A lot of music skills are about muscle memory. The muscle memory of your fingers as you’re playing guitar; the muscle memory of your arms, hands, legs, and feet as you are drumming; the muscle memory of all the muscles involved in voice production in the vocal tract that enable you to speak and sing.
I’m stressing the issue of muscle memory here to explain that there is nothing magical or mystical about being able to make music. Except for the 4% diagnosed with amusia (who can still become musicians as explained above), anyone can do music. Of course, different health conditions exist, and not all of us are lucky to have functional limbs, lungs, and hearing, but most of the people who deem themselves “not musical”, “tone-deaf”, “just ain’t got the talent”, are able-bodied adults.
It doesn’t mean that it’s going to be easy, and yes, some people who started as children are going to have a head start that you won’t. But the fact that it’s not going to be easy shouldn’t deter you. Actually, hard things are healthy for you.
Seven years ago I couldn’t sing in tune, and now, for the most part, I can. Was it easy? Hell no. Was it possible (with a lot of practice)? Hell yes. To know if you can or cannot play music comes down to one question: are you willing to put in the time? If you are, you can do it.
And fear not, as it is going to be a fun ride. I love the journey, and that is what makes me stick with it. Vocal practice for me is challenging, satisfying, and therapeutic, and not just a means to an end.
I’m too old for music
It is true that those who started to play or sing at a young age started developing the relevant muscle memory much earlier than us, so singing or playing an instrument is easier for them. That shouldn’t bother us though, because we are not looking for easy things, and in future posts I will explain why.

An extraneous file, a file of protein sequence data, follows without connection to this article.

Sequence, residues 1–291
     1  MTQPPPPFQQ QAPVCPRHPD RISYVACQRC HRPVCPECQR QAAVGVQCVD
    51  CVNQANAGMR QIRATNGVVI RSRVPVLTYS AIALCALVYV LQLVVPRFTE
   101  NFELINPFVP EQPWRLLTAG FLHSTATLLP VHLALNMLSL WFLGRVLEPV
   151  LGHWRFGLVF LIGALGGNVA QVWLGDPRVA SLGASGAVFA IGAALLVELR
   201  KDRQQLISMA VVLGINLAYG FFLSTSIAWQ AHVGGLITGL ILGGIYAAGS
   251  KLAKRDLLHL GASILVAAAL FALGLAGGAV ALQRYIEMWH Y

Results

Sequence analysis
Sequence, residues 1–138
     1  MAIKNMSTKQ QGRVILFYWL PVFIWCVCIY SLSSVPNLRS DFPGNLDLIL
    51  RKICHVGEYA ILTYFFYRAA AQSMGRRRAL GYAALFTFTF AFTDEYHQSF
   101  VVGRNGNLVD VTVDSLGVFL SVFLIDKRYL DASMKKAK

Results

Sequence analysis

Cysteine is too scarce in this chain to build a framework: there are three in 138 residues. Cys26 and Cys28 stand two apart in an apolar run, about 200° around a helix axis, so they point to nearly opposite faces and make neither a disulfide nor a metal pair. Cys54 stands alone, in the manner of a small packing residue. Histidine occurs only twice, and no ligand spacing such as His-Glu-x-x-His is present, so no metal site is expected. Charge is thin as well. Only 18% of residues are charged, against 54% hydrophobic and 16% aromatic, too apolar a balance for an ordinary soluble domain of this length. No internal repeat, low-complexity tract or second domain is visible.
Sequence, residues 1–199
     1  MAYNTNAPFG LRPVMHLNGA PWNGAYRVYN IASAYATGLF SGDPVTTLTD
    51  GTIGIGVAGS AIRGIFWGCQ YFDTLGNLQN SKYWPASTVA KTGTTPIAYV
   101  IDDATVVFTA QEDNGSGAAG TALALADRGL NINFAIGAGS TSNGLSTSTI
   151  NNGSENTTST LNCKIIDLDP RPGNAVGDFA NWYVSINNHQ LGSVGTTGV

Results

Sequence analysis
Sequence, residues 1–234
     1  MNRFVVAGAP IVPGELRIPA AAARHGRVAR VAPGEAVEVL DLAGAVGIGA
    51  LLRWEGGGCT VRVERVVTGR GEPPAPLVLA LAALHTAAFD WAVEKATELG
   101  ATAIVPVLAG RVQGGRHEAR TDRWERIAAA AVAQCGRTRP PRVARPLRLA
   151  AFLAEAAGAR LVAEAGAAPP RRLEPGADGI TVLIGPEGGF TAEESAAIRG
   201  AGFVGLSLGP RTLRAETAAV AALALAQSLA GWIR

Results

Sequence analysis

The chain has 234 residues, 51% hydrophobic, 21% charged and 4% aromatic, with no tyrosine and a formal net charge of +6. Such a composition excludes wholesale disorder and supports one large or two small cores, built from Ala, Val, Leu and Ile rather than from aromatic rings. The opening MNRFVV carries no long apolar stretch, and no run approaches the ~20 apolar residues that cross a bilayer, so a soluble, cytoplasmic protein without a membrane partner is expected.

At the moment, rest assured that there are many factors that can make adult learning more effective than child learning. I know people who learned to play music as kids and have zero interest in music as adults – some of them are even traumatized by their music teachers. I can recall a few different piano and guitar teachers I had as a child, and even though I wasn’t traumatized, for years I remained with zero motivation to practice. As an adult, I have much more perseverance and am much more motivated as I am learning to play what I like (playing what I liked was completely absent from my childhood tuition – even though I loved rock from an early age, I never played rock songs in my lessons).
As a kid, you are often dependent on parents and teachers to provide a learning environment and topics, especially if you came of age before the YouTube era. If you were a conforming kid and your parents didn’t like rock or didn’t think it was a worthy pursuit for a girl, it is unlikely that you got to learn to play rock music.
But luckily you are not a child anymore, so right now you can choose to learn to play the music you like, in the way that works best for you. If you need help getting started with music, check out my book Unleash Your Inner Rock Star – it’s a step-by-step guide to getting started playing rock music.
So, can anyone learn to play music?
I hope I convinced you that you can learn to play music. If you have amusia, play the drums. If you don’t have amusia, get your s**t together and start playing any instrument (you can still choose the drums even if you don’t have amusia, it’s a great choice actually). Don’t be taken aback by the fact that you didn’t start playing as a kid. there are many advantages to adult learning.
Have you started playing music at an old age? Would love to hear your story in the comments below!